There is no possible way to make a cloud of untrusted machines substitute for locally owned, managed, and controlled systems.

        For the love of God, managers don't even trust the geek in the cubes, what makes anyone think that they will trust a "cloud" with anything important?

        Some managers have proprietary information that gives them an edge over the competition. Toss that out there? Some may even be Bernie Madoff, and those fucks aren't giving up any information.

        A whole lot of IT will stay local just for security and paranoia reasons alone.

        In short, clouds may expand what we do nowadays but they won't supplant anything.

        Oh, and who is going to troubleshoot the loss of the Internet connection?

        • Clouds are just changing the location of the gear. It still requires someone who knows what to do with it. There is still an application to be developed, administered, and maintained. There are still connections to be managed, and there are still users who just don't 'get' data.

          I'm not worried about my job. I'll have to keep on learning, but guess what? That's what I like to do.

        • And I am most certainly not putting our accounting database anywhere that could possibly require a "rent payment" or external connection - if I lost access for 1 minute, we're out of business entirely.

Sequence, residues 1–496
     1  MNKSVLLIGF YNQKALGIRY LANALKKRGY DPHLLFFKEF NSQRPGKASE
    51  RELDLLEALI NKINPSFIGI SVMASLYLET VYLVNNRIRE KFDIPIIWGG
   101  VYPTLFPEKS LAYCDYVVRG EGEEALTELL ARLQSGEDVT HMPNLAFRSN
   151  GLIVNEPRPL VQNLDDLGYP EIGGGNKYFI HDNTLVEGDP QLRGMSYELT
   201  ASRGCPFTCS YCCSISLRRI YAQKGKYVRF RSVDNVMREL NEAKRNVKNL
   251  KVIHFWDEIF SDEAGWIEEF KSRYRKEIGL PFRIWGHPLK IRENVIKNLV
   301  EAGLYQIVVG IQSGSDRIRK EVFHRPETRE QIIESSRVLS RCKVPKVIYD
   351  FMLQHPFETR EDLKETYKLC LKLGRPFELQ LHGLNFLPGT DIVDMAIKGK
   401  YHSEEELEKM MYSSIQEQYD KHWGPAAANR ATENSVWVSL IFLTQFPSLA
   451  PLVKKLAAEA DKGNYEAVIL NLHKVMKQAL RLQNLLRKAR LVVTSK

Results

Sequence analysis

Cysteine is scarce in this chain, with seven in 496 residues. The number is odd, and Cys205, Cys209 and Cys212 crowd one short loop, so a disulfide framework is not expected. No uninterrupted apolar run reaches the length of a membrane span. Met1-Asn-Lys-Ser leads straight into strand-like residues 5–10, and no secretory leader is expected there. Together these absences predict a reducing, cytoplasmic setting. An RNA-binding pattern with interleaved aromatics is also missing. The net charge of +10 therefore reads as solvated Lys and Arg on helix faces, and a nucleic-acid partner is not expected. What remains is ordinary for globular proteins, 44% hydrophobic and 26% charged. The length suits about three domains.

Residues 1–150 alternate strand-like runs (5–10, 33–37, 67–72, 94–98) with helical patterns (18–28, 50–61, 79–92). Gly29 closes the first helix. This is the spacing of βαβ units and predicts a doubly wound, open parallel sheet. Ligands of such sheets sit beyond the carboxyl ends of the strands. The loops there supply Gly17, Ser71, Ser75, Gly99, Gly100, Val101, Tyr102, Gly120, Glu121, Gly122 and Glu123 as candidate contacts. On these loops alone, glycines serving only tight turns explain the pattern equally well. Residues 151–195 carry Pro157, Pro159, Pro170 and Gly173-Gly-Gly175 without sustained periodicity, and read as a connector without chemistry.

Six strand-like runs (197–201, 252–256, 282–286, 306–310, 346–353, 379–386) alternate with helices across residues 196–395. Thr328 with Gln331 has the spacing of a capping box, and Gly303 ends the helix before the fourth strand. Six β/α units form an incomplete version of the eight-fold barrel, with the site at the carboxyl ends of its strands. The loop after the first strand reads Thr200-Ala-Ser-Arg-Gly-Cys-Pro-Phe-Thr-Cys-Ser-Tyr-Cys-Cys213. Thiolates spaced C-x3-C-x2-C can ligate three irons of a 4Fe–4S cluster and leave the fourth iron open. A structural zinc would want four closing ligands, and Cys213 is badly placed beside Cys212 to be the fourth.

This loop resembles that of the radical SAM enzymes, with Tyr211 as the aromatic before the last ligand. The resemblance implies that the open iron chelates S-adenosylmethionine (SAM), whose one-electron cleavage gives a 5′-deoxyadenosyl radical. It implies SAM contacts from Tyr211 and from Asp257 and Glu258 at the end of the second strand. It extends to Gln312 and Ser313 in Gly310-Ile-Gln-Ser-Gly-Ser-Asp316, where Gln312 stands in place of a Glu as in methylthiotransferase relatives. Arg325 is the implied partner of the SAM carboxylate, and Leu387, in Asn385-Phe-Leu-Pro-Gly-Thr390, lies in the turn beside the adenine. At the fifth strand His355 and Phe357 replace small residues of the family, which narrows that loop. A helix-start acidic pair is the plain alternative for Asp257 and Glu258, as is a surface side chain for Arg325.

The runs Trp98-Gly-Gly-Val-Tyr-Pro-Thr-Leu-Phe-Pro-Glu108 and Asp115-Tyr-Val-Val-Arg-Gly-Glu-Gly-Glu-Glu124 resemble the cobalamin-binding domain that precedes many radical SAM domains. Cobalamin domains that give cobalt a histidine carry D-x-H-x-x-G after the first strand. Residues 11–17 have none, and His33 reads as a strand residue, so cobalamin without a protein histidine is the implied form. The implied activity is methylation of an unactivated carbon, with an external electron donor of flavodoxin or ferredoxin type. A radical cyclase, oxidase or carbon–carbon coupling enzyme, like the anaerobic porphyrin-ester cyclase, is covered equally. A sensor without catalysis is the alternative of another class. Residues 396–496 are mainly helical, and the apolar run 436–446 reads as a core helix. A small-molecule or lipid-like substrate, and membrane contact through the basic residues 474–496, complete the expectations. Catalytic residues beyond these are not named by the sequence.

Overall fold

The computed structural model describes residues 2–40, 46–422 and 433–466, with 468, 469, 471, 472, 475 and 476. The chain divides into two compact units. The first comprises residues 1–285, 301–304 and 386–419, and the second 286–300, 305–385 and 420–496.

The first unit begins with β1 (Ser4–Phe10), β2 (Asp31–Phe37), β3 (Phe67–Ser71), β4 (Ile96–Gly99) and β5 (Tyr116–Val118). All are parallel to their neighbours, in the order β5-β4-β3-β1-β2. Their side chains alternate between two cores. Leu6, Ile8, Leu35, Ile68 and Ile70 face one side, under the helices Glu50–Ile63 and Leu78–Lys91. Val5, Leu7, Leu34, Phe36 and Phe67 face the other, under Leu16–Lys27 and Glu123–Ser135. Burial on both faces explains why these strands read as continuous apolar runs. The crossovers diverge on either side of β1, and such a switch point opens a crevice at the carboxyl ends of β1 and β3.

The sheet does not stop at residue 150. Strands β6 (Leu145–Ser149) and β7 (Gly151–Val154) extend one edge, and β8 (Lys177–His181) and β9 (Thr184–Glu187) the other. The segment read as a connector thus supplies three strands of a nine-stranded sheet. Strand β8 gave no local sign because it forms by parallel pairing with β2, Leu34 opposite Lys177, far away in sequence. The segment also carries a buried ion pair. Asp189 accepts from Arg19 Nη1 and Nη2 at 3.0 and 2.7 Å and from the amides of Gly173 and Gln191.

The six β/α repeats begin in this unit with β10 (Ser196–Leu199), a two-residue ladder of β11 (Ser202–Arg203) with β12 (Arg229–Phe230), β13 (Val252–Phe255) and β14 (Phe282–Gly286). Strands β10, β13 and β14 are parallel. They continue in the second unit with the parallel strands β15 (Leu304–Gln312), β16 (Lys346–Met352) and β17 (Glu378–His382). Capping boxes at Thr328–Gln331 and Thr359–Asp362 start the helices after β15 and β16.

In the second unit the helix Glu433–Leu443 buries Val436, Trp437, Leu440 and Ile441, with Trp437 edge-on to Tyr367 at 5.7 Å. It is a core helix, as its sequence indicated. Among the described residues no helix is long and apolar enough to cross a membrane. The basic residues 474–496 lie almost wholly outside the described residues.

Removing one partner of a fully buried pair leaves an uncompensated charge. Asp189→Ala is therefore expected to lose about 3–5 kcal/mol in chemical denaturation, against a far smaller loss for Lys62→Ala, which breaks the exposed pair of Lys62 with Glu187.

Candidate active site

Then you're doing something wrong. Like perhaps not having a hot spare or something similar.

      • Re: (Score:2, Funny)

        I love that word pernicious... I've started naming all my servers after nasty p-words. pernicious, persnickety, pugnacious...
    • by Patik (584959)

      So let me get this straight. When coal miners lose their jobs because of changes in the energy industry, it's progress, and the onus should be on the workers to be flexible and learn new skills ... but when it happens in IT, we're supposed to cry foul?

      Coal mining is old technology and something new has come along to potentially replace it in its industry. There's no new technology to replace today's IT, therefore these workers who are being laid off are at the forefront and their laying off cannot be called progress.

      • by jellomizer (103300) on Monday January 05, 2009 @10:14PM (#26338393)

        Here is a post from the futute...
        Local IT is old technology and something new has come along to potentially replace it in its industry. There's no new technology to replace today's SaaS, therefor these workers who are being laid off are at the forefront and they laying off cannot be called progress.

  • by religious freak (1005821) on Monday January 05, 2009 @08:41PM (#26337661)
    Mark Everett Hall really looks at things from a biased IT perspective. Yes, in his analysis, this will hurt US as IT professionals, but we do not constitute the entire economy. In fact, when businesses get leaner the economy gets better on a macro scale. Yeah, we could be hurting, but that doesn't mean the economy will be.